OKLAHOMA CITY (KFOR) - A nationwide social media push with a cheery name is drawing attention to the dire situation for restaurants across the country and especially in Oklahoma.
Restaurants across the country are promoting “Great American Takeout,” a move encouraging people to get takeout for at least one meal Tuesday, March 24, but the need for continued diners and support goes far past the day.
“It’s huge, it is absolutely huge,” said Rococo owner Bruce Rinehart. “Think how intertwined our industry is in everyday life.”
Right now, he’s focused on pushing takeout and delivery orders to keep employees paid, and his long-time business from going under.
“I’m on an emotional rollercoaster,” he said. “So times when I’m good and times when I’m not.”
He said banks, property owners, and businesses he works with are doing what they can to help, but he knows it won’t last forever.
That’s why his restaurant is one of those pushing #GreatAmericanTakeout.
“If you want to keep anything that’s not a major chain open, you have to eat there,” said Jonathan Unruh.
He and his wife are Enid natives and have owned franchise burger joint Wayback Burgers in Edmond for about four years.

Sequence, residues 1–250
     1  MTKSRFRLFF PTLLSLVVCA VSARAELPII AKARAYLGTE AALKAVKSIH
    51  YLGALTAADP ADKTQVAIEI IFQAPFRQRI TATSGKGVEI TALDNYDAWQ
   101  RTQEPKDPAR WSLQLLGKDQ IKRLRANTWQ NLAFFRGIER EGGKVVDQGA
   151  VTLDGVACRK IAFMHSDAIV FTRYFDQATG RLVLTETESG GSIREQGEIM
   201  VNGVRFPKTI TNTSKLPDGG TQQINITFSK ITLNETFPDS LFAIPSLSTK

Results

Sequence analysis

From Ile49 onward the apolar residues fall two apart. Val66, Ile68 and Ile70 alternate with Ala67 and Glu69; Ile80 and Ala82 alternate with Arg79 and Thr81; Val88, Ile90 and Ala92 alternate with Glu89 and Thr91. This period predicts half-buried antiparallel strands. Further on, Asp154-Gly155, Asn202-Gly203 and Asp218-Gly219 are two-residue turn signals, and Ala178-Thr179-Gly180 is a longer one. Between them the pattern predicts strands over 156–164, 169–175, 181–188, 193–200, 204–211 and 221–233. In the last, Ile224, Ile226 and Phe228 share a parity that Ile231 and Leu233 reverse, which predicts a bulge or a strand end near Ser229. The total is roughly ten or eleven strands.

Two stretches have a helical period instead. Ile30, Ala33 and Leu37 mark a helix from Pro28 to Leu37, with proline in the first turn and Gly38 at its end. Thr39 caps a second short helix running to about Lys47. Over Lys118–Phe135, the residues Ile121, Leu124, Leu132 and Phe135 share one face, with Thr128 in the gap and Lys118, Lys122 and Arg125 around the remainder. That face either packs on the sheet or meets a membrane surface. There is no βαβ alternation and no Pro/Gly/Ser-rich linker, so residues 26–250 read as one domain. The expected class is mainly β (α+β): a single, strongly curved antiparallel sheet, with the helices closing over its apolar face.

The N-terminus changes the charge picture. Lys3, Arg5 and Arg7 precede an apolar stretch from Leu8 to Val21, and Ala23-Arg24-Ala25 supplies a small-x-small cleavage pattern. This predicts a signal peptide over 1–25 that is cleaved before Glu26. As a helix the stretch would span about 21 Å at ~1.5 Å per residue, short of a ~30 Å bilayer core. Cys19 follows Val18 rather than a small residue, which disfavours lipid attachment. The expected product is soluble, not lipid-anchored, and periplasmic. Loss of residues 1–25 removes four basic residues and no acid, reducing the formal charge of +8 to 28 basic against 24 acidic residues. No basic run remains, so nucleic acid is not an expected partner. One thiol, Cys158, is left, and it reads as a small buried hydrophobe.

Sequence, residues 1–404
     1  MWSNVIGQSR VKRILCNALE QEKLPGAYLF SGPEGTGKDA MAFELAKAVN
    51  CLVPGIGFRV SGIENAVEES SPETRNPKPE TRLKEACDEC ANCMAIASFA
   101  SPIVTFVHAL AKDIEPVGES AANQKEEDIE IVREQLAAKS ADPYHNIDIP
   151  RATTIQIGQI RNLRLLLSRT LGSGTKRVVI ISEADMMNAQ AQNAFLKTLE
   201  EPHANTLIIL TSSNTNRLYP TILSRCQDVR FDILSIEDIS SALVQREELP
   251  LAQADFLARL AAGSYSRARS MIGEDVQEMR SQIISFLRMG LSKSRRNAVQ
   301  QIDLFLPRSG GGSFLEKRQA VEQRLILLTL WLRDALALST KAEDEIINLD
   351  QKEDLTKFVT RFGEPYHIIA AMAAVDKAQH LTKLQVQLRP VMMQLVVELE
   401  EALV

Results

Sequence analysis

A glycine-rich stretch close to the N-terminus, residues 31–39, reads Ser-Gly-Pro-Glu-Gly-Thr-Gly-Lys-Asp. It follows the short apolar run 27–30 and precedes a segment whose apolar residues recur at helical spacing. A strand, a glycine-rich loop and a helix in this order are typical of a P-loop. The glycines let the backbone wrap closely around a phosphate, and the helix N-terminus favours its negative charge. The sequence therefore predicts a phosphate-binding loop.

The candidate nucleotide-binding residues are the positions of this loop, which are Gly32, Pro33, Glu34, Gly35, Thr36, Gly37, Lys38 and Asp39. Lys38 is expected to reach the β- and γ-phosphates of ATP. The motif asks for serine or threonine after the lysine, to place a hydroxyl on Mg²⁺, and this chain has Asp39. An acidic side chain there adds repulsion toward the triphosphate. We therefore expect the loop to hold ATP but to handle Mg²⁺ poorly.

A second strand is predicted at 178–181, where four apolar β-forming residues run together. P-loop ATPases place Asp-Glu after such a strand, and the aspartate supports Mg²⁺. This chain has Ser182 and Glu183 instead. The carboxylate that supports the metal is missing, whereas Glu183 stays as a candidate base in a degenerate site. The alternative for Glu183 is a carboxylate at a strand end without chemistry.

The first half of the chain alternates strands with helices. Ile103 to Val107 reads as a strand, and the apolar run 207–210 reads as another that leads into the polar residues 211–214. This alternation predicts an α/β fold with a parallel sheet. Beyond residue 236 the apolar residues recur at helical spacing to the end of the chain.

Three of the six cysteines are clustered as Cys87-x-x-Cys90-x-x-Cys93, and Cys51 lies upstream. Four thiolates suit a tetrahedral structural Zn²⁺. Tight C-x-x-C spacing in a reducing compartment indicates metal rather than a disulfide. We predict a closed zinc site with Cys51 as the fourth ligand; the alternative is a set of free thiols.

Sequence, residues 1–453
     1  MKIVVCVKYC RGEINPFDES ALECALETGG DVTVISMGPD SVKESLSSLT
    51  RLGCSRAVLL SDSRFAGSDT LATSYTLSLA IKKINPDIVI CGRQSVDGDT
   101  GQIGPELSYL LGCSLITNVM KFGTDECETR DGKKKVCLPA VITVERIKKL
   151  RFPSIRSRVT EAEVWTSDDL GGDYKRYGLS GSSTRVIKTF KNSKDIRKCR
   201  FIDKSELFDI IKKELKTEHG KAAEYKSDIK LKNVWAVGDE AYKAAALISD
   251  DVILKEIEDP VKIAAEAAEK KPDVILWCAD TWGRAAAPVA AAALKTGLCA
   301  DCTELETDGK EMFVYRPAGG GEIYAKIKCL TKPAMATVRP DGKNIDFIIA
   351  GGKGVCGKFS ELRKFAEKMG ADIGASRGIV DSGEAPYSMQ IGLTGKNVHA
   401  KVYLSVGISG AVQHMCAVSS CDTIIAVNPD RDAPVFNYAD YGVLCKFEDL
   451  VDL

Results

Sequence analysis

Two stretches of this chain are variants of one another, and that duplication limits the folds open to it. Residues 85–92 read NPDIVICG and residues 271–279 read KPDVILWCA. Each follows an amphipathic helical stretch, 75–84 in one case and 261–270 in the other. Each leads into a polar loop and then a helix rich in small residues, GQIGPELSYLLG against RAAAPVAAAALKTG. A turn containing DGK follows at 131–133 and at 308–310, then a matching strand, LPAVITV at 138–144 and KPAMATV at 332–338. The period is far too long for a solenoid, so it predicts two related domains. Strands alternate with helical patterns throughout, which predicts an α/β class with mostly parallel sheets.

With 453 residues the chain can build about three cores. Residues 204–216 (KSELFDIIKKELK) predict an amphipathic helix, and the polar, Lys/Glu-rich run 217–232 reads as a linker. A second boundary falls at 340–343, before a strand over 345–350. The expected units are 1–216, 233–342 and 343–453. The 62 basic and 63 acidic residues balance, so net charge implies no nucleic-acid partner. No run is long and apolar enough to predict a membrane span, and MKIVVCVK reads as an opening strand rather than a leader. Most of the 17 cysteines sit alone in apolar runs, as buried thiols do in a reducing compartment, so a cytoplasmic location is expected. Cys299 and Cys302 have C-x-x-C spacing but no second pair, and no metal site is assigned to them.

The restaurant was having a record week at the beginning of March, then everything tanked overnight.
“It’s just like any small business, it’s hard to start but it was really picking up, and then it just- it’s kind of soul-crushing when you just fall off a cliff like that,” Unruh said.
Several of his employees have opted to stay home away from the public while others went to work to help he and his wife continue to try and serve takeout orders.
Business has dropped about 80-percent, and they haven’t even reached half of the goal for the month.
Unruh understands that as a sit down restaurant, the food is best the moment it’s ready, so customers may not be inclined to opt for it.
However, if people don’t continue to support local restaurants, he said many won’t be able to remain open much longer.
“It’s very stressful. The home life has even been stressful because all you think about is the store,” Unruh said. “There have been days where we only did like $200 which is, you might as well not even open those days.”
The ripple effect is already devastating to what was the city’s fastest growing industry.
“A lot of folks aren’t going to have anything to come back to after this,” Rinehart said.